The National Geospatial-Intelligence Agency is
committed to making every document on its Website accessible to the
widest possible audience, including persons with visual disabilities.
The agency's new Website redesign strives to ensures NGA meets or
exceeds the requirements of Section 508 of the Workforce Investment Act
of 1998. Many of our pages now meet the standard but we are continually
working to make all pages accessible.
Section 508 requires that federal agencies' electronic and
information technology is accessible to people with disabilities,
including employees and members of the public. Section 508 establishes
requirements for any electronic and information technology developed,
maintained, procured, or used by the Federal government.
While the Hypertext Markup Language (HTML) used to create Websites is
generally accessible for persons using screen reading devices, you need
to be careful in the construction of HTML documents to ensure maximum
accessibility. Essentially everything that you need to know about Web
page accessibility is found on the Website of the W3C Web Accessibility
Many of the documents on our Web server are in basic HTML format.
These formats are generally accessible to persons using screen reading
software. We also have a large number of documents as Adobe Acrobat PDF
(Portable Document Format) files. Persons using screen reading devices
generally cannot directly read documents in PDF format. Adobe Systems,
Inc., provides a free translation service through their Access Web pages
which will translate PDF files to Web pages (HTML documents). This can
be used in one of three ways:
- The user can go to the Access server and fill out a form. When this
form is submitted, the server will go get the PDF document, translate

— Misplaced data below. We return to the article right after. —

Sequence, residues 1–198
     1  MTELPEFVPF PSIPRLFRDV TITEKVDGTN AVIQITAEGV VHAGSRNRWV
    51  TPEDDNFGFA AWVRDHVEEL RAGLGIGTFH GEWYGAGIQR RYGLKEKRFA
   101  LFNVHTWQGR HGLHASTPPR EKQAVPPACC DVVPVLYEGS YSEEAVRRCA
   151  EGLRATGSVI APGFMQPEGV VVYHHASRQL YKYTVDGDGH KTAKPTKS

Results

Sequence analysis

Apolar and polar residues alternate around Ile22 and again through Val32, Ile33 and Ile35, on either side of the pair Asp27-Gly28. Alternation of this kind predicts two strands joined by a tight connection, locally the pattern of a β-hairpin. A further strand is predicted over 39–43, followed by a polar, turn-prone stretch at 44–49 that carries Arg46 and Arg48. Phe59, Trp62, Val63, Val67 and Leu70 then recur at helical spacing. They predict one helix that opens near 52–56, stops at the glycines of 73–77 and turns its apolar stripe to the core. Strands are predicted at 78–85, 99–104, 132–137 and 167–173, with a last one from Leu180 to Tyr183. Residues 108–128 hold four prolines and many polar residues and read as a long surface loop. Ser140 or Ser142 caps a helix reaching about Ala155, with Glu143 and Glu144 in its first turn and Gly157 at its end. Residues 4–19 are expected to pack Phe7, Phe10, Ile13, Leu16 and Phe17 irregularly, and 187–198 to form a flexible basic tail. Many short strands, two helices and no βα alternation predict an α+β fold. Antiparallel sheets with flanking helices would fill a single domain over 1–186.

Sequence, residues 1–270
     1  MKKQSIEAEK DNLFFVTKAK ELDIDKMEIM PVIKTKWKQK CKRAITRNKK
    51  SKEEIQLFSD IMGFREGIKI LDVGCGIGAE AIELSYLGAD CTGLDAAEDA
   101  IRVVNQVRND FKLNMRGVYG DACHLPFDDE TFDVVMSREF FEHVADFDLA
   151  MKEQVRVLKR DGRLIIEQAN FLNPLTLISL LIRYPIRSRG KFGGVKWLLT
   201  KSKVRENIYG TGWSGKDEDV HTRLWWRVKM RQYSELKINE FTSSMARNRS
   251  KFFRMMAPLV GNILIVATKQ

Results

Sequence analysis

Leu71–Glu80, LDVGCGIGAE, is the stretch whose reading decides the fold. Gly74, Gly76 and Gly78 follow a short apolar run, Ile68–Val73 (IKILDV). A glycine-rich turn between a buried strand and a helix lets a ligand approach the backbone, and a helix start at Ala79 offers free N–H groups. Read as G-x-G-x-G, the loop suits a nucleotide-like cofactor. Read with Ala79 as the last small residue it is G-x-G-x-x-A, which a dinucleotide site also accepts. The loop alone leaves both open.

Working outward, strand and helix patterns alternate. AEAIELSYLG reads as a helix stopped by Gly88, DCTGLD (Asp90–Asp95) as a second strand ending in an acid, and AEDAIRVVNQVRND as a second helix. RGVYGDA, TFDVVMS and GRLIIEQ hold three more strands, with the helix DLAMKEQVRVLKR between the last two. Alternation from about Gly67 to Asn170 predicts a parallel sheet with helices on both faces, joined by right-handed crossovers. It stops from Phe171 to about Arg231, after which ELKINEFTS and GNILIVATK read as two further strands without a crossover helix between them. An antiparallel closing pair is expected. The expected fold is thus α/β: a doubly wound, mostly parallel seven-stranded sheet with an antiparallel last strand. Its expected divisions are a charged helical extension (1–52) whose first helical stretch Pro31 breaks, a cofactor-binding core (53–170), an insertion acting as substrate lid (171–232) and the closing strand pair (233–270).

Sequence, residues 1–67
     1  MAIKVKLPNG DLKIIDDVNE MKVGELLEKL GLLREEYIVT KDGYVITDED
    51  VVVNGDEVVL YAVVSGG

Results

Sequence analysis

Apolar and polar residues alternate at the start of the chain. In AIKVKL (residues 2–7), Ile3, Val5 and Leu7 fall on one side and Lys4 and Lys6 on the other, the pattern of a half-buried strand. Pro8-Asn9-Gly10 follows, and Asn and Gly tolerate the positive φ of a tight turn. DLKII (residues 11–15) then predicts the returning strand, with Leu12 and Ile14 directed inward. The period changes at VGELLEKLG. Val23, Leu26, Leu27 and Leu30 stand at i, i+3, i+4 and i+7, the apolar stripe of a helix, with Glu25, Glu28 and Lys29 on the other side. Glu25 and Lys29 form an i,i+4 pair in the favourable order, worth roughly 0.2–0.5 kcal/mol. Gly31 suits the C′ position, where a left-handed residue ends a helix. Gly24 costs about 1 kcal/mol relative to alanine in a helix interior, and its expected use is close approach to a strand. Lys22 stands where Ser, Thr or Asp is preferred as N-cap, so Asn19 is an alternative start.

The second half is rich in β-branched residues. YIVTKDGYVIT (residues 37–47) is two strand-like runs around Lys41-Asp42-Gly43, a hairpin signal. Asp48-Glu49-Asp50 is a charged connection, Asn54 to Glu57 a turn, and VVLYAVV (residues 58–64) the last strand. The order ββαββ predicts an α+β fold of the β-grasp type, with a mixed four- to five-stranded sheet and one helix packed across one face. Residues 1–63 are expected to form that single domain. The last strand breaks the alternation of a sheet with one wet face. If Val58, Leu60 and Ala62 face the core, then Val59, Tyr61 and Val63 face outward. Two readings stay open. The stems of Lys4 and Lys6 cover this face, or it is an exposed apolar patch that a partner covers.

it, and return it to the user.
- The user can send an email message to the Access server, giving the
address of the document to be translated. The server will then get this
document and translate it to either a Web page or a text (ASCII)
document. Note that this is the only one of the three options that also
gives the ability to produce a text document from the PDF file. (Click
here for Adobe Instructions)
- For systems which are not connected to the Internet, Adobe has a
free downloadable accessibility plug-in, called Adobe Access, for use
with the latest versions of the Adobe Acrobat Reader for Microsoft
Windows 3.1, Windows 95/98, or Windows NT. This plug-in helps to
overcome some of the problems of reading PDF documents with screen
readers, but for systems with Internet access, Adobe recommends using
the on-line Access translation service instead.
These methods of making PDF files accessible are adequate for many
documents. However, they are not adequate for PDF documents in which
content is included in graphics files or for especially complex
formatting. In these cases, we provide an alternative format for use
with screen readers -- an HTML version -- where possible.
We have one general exception to our policy of making accessible
versions available for all PDF documents. We are using the Adobe Acrobat
PDF format as a means of distributing Freedom of Information Act (FOIA)
documents. These are electronic images of the forms which are intended
to be printed and used as any other paper form, and do not lend
themselves to any non-graphical representation.
Download Adobe Reader
W3C Web Accessibility Initiative (WAI)